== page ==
PODGORICA (Reuters) - Montenegro's parliament approved on Friday a law on religious communities despite street protests and a last-minute attempt in the chamber by deputies of the pro-Serb opposition to prevent the vote going ahead.
Under the law, religious communities in the tiny Adriatic state would need to prove property ownership from before 1918, when predominantly Orthodox Christian Montenegro joined the Kingdom of Serbs, Croats and Slovenes, the predecessor of the now-defunct Yugoslavia.
The pro-Serb Democratic Front (DF) and other critics of the legislation say it is an attempt to promote the small Montenegrin Orthodox Church, which is not recognised by other major churches, at the expense of the Serbian Orthodox Church, the dominant church in the country of 620,000 people.
They also accuse Montenegro's pro-Western president, Milo Djukanovic, and his ruling Democratic Party of Socialists of corruption, ties to organised crime and seeking to push the country further from Serbia, its much bigger neighbour.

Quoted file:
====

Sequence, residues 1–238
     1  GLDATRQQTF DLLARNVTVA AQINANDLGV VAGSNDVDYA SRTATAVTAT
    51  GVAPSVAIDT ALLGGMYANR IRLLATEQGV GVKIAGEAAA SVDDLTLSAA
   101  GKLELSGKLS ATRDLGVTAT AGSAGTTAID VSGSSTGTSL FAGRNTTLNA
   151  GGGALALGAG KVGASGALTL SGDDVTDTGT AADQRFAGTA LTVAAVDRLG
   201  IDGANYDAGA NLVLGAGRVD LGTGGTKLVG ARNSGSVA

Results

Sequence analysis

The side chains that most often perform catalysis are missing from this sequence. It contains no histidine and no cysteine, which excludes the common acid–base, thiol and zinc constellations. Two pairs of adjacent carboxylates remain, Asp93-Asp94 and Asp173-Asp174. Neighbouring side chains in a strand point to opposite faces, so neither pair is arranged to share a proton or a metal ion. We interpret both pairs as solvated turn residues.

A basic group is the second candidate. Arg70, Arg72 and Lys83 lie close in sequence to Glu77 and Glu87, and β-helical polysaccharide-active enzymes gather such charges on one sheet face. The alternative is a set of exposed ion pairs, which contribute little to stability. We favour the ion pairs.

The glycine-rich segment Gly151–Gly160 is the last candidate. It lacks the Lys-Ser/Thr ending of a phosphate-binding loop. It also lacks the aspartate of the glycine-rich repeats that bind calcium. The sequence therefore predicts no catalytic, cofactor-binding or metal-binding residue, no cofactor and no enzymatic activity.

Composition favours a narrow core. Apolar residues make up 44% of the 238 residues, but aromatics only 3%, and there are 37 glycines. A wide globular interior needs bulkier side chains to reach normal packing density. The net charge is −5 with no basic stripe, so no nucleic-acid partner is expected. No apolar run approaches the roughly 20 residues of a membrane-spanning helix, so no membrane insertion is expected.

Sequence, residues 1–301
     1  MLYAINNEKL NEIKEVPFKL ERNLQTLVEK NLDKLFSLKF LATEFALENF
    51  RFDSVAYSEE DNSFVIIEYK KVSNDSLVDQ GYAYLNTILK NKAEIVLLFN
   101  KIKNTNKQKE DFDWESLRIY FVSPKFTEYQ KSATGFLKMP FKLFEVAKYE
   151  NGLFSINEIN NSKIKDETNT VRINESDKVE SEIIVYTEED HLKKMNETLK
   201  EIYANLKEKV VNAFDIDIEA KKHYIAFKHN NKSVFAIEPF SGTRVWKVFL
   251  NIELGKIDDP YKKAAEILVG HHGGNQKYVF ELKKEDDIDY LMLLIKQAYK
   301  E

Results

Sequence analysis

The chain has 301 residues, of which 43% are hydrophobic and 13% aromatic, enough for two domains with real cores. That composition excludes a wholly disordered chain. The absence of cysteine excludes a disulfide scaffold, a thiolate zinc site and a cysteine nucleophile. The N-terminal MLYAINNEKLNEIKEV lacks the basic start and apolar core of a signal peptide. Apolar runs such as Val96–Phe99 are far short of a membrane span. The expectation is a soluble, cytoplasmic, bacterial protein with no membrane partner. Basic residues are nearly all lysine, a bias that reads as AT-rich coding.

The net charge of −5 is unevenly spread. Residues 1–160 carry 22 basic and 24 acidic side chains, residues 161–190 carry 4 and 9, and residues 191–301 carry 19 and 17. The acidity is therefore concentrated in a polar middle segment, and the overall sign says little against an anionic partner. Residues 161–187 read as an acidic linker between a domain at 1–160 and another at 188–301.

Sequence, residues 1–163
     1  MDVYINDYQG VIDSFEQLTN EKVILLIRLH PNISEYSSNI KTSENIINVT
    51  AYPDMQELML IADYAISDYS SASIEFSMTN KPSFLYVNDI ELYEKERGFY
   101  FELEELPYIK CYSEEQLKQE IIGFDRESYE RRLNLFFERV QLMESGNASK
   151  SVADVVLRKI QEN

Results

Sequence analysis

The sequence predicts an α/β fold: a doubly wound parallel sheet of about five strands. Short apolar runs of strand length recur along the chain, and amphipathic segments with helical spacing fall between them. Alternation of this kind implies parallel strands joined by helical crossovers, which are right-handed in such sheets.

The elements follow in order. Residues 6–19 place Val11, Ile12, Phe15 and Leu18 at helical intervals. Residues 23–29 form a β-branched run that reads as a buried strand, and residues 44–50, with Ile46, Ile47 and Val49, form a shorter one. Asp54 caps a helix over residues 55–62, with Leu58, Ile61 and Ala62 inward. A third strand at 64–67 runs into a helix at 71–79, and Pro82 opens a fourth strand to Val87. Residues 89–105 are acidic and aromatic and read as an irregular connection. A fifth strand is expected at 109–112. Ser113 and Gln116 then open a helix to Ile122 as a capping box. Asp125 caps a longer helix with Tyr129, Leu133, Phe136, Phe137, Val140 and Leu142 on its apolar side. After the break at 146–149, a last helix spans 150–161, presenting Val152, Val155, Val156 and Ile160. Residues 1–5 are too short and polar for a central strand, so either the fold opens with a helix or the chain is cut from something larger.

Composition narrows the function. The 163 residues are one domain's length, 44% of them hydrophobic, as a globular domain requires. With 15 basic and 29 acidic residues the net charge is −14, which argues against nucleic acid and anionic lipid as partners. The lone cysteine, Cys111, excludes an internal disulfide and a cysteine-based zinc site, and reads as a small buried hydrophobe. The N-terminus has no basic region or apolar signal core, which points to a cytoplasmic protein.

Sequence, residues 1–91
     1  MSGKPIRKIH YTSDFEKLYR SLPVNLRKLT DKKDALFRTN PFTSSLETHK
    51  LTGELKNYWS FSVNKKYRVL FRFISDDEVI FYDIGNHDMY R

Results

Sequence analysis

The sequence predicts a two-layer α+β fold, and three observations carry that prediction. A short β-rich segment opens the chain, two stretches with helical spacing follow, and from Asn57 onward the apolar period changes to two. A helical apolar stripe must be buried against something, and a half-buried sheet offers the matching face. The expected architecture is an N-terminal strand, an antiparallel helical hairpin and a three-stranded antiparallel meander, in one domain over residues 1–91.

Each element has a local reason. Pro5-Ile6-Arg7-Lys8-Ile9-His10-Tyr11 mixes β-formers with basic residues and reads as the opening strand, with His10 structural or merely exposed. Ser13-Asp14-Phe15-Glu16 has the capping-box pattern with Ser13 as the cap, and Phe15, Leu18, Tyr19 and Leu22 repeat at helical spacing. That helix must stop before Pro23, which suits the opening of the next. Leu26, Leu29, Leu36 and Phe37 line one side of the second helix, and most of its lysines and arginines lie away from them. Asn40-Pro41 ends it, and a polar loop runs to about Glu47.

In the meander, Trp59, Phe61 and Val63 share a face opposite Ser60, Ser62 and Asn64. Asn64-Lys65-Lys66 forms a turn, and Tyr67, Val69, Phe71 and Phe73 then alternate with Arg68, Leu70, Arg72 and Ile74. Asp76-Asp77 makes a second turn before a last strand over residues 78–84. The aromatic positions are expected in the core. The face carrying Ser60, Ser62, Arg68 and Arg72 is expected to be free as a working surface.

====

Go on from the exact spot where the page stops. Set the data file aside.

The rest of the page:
The DF deputies brawled with their opponents just before the vote, which took place in the early hours of Friday after a lengthy late-night debate.
Police initially detained all 18 DF deputies but later released 15. Among the three who remained in detention pending charges was DF leader Andrija Mandic, the pro-government Pobjeda daily said.
"We have said we are ready to die for our church and we are demonstrating that," Mandic told reporters after the fracas.
Hundreds of opposition supporters backed by clergy had taken to the streets of the capital Podgorica on Thursday to rally against the law. Roads in the north of the country were also blocked for hours.
The Serbian Orthodox Church has around 12 million followers, mainly in Serbia, Bosnia and Montenegro. It owns 66 monasteries in Montenegro, most of them dating back to the Middle Ages, as well as dozens of churches and other real estate.
The Serbian Orthodox Church said its head, Patriarch Irinej, was "deeply distressed" by the developments in Montenegro.
"His holiness ... prays ... for peace and unity between Montenegrin state bodies and church dignitaries, for the benefit of all in Montenegro, regardless of religion and nationality," it said in a statement.
The Church suspects the Montenegrin state of planning to seize its assets, something the government denies. Djukanovic has accused the Church of promoting pro-Serbian policies with the aim of undermining Montenegrin statehood.
Montenegro peacefully split from its former federal partner in 2006. It is now a member of NATO and, like Serbia, a candidate for European Union membership.
(Reporting by Stevo Vasiljevic in Podgorica; Writing by Aleksandar Vasovic; Editing by Gareth Jones)